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Howard Husock is vice president for policy research at the Manhattan Institute, where he is also director of its Social Entrepreneurship Initiative and a contributing editor to the Institute's quarterly magazine, City Journal. He is the author of the blog Philanthropy and Society on Forbes.com and author of the book Philanthropy Under Fire.
Husock was nominated for the Corporation for Public Broadcasting Board of Directors by President Barack Obama in June 2013 and confirmed by the Senate in August 2013. From 1987 through 2006, Husock served as director of case studies in public policy and management at Harvard University's Kennedy School of Government, where he was also a fellow at the Hauser Center for Nonprofit Organizations. His publications on the nonprofit sector have appeared in The Wall Street Journal, National Affairs, Society Magazine, The Chronicle of Philanthropy, The Public Interest, The New York Times, and the Washington Post. In addition, Husock has written widely on housing and urban policy, including in his book, The Trillion-Dollar Housing Mistake: The Failure of American Housing Policy (Ivan R. Dee, 2003) and his monograph Repairing the Ladder: Toward a New Housing Policy Paradigm (Reason Foundation, 1996). His work has also appeared in the Journal of Policy Analysis and Management, Philanthropy, and The Wilson Quarterly. Husock is a former broadcast journalist and documentary filmmaker whose work at WGBH-TV in Boston won three Emmy awards.
His WGBH series Community Disorder: Racial Violence in Boston (1979) won the Robert F. Kennedy Journalism award for television. His WGBH credits include The Paterson Project: One City in the Reagan Era (1982); Pat Ewing and an American Dream (1981); Meet Tom Menino (1983); The World Halfball Tournament (1983) and America’s First School: 350 Years at Boston Latin (1984).
Husock is a graduate of the Boston University School of Public Communication and was a 1981-82 mid-career fellow at Princeton University's Woodrow Wilson School of Public and International Affairs. He is married to ceramic sculptor Robin Henschel and the father of three adult sons. He currently resides with his wife in New York.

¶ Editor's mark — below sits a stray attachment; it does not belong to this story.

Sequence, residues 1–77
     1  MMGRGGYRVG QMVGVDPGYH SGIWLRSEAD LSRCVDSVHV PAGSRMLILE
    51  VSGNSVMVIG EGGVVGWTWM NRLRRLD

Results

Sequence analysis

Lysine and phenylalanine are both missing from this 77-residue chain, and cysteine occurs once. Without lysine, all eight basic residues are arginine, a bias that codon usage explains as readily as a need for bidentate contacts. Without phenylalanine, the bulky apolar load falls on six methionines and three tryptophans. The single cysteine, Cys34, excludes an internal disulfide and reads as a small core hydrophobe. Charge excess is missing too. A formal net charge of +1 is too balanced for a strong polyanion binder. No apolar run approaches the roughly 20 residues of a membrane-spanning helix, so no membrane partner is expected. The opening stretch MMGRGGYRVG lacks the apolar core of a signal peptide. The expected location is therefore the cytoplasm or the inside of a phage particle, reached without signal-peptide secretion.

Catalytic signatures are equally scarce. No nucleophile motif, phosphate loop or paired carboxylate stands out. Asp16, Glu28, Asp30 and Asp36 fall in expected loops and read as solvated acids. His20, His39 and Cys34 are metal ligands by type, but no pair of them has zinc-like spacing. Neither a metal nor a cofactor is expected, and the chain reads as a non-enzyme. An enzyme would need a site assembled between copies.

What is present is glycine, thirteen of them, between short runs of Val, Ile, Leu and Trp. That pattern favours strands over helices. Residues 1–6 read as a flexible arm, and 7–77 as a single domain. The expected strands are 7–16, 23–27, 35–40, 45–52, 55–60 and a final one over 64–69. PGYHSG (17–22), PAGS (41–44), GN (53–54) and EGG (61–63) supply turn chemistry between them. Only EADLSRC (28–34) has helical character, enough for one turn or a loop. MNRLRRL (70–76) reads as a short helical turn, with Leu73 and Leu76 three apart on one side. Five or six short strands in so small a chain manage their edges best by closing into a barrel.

Philanthropy Under Fire
In Philanthropy Under Fire (ISBN 978-1594037382) Husock defends the American tradition of independent philanthropy from significant political and intellectual challenges which threaten it today. Although the U.S. continues to be the most charitable nation in the world, serious efforts seek to discourage traditional, personal charitable giving by changing the tax code, and directing philanthropy toward causes chosen by government. Some voices seek to narrow the very definition of philanthropy to include only direct redistribution of income from rich to poor. In contrast, Husock broadly defends philanthropy’s causes—from the food pantry to the art museum to the university science lab—as both a source of effective new ideas and as a core aspect of democracy and liberty. In a new and original argument, he asserts that having broad impact does not require a marriage of philanthropy and government. Instead, he says, private programs growing out of the values held by their leaders—and imbued with those values—can have a wide impact through their influence on society’s norms. In this sense, the good that private philanthropy does for American society can far transcend the good that it does for its immediate recipients.
- Huscok's articles (via Manhattan Institute)
- Forbes.com's "Philanthropy and Society"
- Philanthropy Under Fire, ISBN 978-1594037382
- America's Trillion-Dollar Housing Mistake: The Failure of American Housing Policy, 2003
- Let's Break Up the Big Cities Civic Bulletin 14, May 1998